Gov. Pat McCrory's first budget proposal seeks to set aside nearly $1 billion over the next two years to prepare for unexpected economic downturns, Medicaid shortfalls and natural disasters, as well as to improve neglected state buildings and outdated computer systems.
The new Republican governor said the state wasn't going to be caught flat-footed financially. He also said it would not hide fiscal problems under his watch.
"We have not had enough reserves in our budget," McCrory said in releasing his plan last week. "We're no longer going to play budget tricks, which have been played in the past."
While McCrory could locate reserves thanks to improving tax collections and by declining to propose new signature programs, McCrory's team also used some fiscal maneuvers to help free up more funds.
His budget proposal would intercept more than $275 million from pots of money - many beginning when Democrats led the legislature - earmarked to help tobacco-dependent communities, build parks, dispose of old tires and other purposes. The plan also proposed reducing funds for several non-state economic development agencies by $69 million.
State budget director Art Pope called taking the earmarked funds a budget "restructuring" in which the General Assembly - not boards filled with politically-connected appointees - decide how the funds would be used.
Public dollars will be appropriated "with true transparency for the greatest and highest needs of the state, rather than having tens of millions of dollars going to third-party organizations," Pope told reporters.
The siphoning has many groups and legislators nervous as the General Assembly starts deciding whether to use McCrory's budget as a template for the budget bill it'll create and present to McCrory for his signature by late June. They're worried other state infrastructure needs will be ignored, or that rural areas in the state will lag behind will still struggling with double-digit unemployment rates.
"These dedicated funds go to (fix) those employment problems," said Rep. Mickey Michaux, D-Durham, a former senior budget-writer. "You ought not to be changing the rules in the middle of the stream."
The funding decision is one of many in the $20.6 billion spending plan for next year that has the imprint of Pope, a former state legislator, philanthropist, business executive and North Carolina conservative icon. He's been a critic of legislation that sends state funds directly to outside groups that lack direct legislative oversight.
Legislators from both parties have been known to take some money out of trust funds and special accounts their predecessors created to perform specific purposes to close large state budget shortfalls. The Democrats did it in 2009 and Republicans followed in 2011.
But McCrory's budget proposal takes diverting funds to a new level by intercepting all the money heading to several large trust funds and raking them into the state's pool of expected revenues to run government through mid-2015.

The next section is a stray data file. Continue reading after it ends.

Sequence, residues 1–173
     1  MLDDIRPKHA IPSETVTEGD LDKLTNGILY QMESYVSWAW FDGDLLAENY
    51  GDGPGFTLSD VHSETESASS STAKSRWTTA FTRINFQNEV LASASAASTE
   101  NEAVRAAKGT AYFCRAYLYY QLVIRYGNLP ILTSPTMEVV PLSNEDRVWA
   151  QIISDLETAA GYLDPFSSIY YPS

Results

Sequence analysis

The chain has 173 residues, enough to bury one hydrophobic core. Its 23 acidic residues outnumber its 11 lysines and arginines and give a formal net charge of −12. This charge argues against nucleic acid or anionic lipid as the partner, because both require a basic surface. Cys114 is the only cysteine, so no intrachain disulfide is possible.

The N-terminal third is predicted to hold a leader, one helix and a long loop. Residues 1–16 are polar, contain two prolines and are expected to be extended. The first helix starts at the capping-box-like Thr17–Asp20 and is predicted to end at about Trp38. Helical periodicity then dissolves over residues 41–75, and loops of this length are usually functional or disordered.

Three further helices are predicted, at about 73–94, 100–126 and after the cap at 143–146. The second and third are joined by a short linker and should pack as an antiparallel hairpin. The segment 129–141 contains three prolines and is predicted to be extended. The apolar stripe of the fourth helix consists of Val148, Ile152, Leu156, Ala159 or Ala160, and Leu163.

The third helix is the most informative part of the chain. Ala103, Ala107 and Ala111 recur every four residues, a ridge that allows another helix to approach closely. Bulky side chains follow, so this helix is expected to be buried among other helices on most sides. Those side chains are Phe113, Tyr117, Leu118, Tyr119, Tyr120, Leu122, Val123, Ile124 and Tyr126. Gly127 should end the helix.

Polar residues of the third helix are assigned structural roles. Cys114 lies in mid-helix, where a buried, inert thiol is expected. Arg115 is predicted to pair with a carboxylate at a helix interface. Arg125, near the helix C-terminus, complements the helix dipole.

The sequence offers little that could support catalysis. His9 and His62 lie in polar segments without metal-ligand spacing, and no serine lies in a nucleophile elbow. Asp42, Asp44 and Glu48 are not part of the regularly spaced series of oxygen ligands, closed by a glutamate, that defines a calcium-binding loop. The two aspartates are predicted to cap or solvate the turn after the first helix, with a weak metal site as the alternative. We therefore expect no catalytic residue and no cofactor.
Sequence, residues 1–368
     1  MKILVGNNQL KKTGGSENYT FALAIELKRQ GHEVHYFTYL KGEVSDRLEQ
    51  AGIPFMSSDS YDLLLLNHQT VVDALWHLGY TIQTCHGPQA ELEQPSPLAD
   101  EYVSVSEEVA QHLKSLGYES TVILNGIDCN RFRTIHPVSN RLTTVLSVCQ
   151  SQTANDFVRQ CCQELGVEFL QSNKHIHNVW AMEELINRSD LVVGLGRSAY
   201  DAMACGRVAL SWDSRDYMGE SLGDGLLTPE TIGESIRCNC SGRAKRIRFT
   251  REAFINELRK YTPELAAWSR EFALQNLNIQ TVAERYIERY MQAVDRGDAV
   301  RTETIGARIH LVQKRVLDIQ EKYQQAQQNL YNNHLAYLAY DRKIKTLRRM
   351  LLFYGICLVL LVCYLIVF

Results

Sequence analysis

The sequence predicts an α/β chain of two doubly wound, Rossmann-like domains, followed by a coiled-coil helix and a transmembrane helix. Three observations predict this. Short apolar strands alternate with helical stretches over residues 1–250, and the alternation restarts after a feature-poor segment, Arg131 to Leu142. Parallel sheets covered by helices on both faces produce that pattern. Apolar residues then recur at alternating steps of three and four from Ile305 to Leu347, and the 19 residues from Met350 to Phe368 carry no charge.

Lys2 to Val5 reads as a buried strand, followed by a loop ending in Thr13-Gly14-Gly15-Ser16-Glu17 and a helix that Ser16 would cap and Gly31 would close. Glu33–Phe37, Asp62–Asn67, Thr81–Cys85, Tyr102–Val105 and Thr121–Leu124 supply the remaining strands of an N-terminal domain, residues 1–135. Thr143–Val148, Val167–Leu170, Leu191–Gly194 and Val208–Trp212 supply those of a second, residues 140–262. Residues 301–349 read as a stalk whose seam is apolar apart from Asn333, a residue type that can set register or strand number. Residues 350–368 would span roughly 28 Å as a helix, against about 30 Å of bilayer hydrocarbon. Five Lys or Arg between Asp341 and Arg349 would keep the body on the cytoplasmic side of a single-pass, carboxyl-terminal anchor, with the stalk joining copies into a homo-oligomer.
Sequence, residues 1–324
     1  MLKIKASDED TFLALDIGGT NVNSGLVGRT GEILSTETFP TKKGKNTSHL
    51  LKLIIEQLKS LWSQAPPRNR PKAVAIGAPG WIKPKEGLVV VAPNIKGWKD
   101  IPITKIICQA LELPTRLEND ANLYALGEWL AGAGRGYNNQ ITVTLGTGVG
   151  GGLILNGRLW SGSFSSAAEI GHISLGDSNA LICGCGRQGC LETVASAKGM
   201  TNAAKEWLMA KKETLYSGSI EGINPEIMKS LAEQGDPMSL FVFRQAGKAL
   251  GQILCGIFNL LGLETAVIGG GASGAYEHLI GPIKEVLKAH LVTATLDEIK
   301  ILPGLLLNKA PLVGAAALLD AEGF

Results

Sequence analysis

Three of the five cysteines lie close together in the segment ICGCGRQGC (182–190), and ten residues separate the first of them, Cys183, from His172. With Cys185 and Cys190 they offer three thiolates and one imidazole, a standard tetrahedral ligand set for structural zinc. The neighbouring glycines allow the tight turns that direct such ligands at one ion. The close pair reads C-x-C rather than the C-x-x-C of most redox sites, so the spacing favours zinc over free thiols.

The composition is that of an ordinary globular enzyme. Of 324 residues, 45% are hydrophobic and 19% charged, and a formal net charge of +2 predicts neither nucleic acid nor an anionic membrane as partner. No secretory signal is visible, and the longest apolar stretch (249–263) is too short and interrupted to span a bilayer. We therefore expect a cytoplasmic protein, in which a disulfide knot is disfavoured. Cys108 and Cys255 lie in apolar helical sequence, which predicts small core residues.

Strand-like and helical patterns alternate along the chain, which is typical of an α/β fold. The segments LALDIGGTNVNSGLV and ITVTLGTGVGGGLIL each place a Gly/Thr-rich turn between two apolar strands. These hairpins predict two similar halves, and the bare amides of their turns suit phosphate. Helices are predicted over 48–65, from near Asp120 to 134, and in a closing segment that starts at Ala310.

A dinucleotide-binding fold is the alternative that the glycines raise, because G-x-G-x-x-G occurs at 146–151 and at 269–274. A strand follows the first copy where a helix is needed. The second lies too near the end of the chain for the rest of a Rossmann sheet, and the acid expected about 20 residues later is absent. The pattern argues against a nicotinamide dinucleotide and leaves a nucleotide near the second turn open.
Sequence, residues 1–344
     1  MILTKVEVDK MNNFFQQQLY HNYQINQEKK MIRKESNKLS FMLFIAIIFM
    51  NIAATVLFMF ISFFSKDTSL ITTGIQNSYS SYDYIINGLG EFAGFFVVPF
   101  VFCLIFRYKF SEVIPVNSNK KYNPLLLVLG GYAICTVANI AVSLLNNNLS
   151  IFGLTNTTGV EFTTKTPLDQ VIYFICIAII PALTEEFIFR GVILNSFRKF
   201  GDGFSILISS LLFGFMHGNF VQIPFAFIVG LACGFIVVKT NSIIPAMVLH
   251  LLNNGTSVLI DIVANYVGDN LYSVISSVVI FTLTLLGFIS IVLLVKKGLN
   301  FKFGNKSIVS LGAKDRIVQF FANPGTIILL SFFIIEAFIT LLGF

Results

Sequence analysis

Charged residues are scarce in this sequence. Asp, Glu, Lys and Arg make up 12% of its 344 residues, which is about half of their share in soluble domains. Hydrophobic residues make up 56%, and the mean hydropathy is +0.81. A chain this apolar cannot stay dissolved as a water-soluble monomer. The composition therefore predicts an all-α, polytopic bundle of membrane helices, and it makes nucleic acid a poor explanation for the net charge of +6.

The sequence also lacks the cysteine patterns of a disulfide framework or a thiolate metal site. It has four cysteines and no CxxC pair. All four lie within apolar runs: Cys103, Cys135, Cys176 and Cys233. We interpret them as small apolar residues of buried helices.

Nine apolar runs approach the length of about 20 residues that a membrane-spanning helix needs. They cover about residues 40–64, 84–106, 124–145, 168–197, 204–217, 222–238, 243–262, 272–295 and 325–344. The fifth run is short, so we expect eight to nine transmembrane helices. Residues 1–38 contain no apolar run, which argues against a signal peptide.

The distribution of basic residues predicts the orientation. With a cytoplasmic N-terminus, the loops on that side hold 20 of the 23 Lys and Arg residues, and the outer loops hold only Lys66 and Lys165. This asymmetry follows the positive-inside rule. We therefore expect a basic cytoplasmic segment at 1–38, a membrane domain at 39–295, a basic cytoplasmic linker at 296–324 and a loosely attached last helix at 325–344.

The plan would take the $65 million a year the Golden LEAF Foundation is supposed to receive through the national tobacco settlement involving cigarette companies in the late 1990s and to manage. The private foundation, chartered in 1999, has spent $500 million over its life by making more than 1,100 grants designed to help small towns and regions hurt by the tobacco industry's decline.
The foundation would still keep its fund balance of $730 million, but taking away the annual payment would hurt its ability to offer grants in economically depressed areas, executive director Dan Gerlach said.
"In an era that everybody's worried about jobs and economic development, we are a resource," Gerlach said.
The General Assembly diverted $17.6 million from the foundation's annual tobacco settlement payment in 2011 and $24.3 million in 2012. Pope even served on the board for the past two years, appointed by Senate leader Phil Berger, R-Rockingham. "The Golden LEAF foundation does lots of good things," Pope said while still recommending the interception of annual payments.
McCrory's budget does return about $46 million of the $275 million earmarked for dedicated purposes back to their original locations. The Parks and Recreation Trust Fund would get $15.5 million of the $27.5 million it would otherwise receive annually from a portion of the state land transaction tax. David Pearson, president of Friends of State Parks, a park booster group, said the money would do little beyond repaying debt for previous land purchases and paying previously approved grants for park upgrades.
The N.C. Rural Economic Development Center would see its state funding fall by $10 million annually to $6.6 million. The reduction would mean rural business and communities could lose the potential for creating 2,000 new jobs next year, center director Billy Ray Hall said.
The rural center cut comes as McCrory has said he wants to help rural areas grow economically. McCrory has said his administration is working on a plan to retool the state's economic development programs.